7. Time for fruit and veggies
veggies such as garlic, tomatoes and carrots can grow in pots, and you can try snow peas and beans on a trellis. There are also dwarf varieties of citrus, and smaller fruit trees such as kumquat that not only look beautiful, but are perfect for a mean marmalade.

8. Balcony buddies
Companion planting can really help in keeping pests at bay. Marigolds have an offensive smell for most bugs, nasturtiums protect strawberries, and organic spray repellents such as garlic oil can keep away the nasties.

9. A little love
All gardens need a little regular love. It’s a matter of keeping an eye on those pests and acting before there’s an infestation, using organic plant food and of course, regular watering. One of the advantages of balcony gardening is that there’s often a lot less you need to do than you would in a bigger patch – just a few minutes a day can result in a whole lot of goodness.

Source

Balcony Garden

I cam across another great site with the following tips on growing in pots. You’ll find the link below.

Marie Viljoen’s Top 10 Tips for Growing an Urban Balcony Garden:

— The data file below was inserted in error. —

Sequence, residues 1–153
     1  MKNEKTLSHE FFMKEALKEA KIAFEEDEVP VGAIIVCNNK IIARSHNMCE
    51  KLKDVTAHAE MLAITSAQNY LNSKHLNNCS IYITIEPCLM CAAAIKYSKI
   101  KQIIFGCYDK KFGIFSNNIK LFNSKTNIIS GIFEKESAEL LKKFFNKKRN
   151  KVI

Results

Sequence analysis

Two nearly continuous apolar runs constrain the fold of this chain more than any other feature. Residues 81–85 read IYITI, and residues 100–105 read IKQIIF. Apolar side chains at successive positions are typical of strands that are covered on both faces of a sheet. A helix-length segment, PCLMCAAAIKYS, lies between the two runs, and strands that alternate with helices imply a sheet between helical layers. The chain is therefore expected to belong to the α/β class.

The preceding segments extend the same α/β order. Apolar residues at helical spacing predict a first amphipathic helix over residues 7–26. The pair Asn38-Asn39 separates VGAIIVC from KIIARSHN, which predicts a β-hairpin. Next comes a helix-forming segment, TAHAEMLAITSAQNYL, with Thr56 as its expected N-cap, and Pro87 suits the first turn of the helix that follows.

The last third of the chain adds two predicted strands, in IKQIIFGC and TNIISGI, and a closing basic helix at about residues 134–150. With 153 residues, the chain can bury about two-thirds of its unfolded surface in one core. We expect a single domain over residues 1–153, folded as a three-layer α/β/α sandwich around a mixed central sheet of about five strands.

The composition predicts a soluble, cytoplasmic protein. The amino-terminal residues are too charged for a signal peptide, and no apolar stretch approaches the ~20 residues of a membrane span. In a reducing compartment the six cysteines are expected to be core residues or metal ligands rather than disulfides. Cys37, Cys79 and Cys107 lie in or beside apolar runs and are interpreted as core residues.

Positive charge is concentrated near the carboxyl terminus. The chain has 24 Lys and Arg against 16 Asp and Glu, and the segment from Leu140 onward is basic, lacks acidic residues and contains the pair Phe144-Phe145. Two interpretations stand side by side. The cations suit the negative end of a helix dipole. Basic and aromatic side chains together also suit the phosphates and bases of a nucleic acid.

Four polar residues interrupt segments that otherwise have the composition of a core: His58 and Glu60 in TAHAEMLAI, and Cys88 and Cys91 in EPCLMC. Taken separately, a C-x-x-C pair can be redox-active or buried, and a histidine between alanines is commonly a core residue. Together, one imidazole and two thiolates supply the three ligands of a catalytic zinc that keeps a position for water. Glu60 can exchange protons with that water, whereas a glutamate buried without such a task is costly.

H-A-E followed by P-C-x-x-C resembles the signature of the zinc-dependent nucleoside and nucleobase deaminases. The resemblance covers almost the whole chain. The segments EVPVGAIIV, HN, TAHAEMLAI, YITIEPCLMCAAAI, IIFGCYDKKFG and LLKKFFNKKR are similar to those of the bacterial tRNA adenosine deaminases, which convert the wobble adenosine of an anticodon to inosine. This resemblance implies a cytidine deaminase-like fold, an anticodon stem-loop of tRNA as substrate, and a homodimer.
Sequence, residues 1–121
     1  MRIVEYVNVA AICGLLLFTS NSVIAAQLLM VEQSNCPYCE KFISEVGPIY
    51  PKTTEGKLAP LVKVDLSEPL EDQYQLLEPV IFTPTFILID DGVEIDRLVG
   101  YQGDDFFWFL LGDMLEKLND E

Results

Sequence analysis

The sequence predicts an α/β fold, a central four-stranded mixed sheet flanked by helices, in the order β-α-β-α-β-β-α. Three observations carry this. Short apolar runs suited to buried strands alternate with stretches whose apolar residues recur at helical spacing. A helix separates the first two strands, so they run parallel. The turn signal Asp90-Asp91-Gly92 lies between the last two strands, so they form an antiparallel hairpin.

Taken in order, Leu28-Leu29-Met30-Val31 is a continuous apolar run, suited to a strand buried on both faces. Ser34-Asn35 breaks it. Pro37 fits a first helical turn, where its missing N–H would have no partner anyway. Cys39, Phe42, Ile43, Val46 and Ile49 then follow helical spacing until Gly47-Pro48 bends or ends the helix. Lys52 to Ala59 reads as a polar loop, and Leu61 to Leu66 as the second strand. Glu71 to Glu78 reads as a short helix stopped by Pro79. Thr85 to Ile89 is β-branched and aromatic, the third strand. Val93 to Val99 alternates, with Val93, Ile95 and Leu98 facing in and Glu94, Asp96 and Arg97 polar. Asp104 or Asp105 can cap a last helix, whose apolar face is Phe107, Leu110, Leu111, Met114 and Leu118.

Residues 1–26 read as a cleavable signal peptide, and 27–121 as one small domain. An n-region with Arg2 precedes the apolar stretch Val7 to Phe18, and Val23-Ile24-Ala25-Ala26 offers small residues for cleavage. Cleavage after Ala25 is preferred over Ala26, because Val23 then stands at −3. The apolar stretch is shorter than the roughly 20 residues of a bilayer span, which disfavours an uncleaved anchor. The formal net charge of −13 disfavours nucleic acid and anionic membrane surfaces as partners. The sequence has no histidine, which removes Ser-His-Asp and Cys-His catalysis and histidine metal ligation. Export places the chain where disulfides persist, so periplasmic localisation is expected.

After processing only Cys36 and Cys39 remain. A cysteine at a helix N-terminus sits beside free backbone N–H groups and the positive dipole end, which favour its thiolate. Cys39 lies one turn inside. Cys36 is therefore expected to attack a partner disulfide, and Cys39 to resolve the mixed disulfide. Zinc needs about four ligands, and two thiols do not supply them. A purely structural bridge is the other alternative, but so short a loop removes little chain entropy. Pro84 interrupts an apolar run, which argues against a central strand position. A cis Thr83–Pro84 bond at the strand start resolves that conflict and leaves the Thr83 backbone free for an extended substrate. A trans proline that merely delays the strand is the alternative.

"Everything I grow is in a pot, with the exception of the naturalized herbs and violets that are coming up in the gravel I put down to cover the ugly, pressure-treated deck floor," says Viljoen.

“Everything I grow is in a pot, with the exception of the naturalized herbs and violets that are coming up in the gravel I put down to cover the ugly, pressure-treated deck floor,” says Viljoen.

Use a high-quality organic potting soil and augment it with compost.
Layer plants that bloom at different times on top of one another in containers—and fertilize once a month.
If your terrace is sturdy enough to support the weight, cover the floor with filter fabric and a shallow layer of gravel so plants can self-sow and naturalize.
Study how sunlight moves across the space over the course of a day and cluster your containers—sun lovers vs. woodland plants—in areas where they will thrive.
Clustering pots makes it easier to water plants efficiently. Most containers will dry out and need water every day; during a heat wave, water twice a day.
Make your peace with pests. If squirrels dig up a pot in the course of burying an acorn, be happy you’ve created a wildlife habitat in the city.
Plant a pollinators’ favorites to attract bees and butterflies. “It’s lovely to see them up here,” says Viljoen.
Herbs are the easiest edibles to grow in containers.
Some fruits also are surprisingly easy to grow in containers too: blueberries, for instance, and currants. “A lot of people are surprised by the success of my fig tree,” says Viljoen.
Vines and fast-growing climbers are good for a small space because they will lend vertical interest quickly.

Source 

So why not get out there, get a little dirty in the garden and relax this Stress Down Day.

Cheers guys, happy harvest!.

Leave a Reply

Your email address will not be published. Required fields are marked *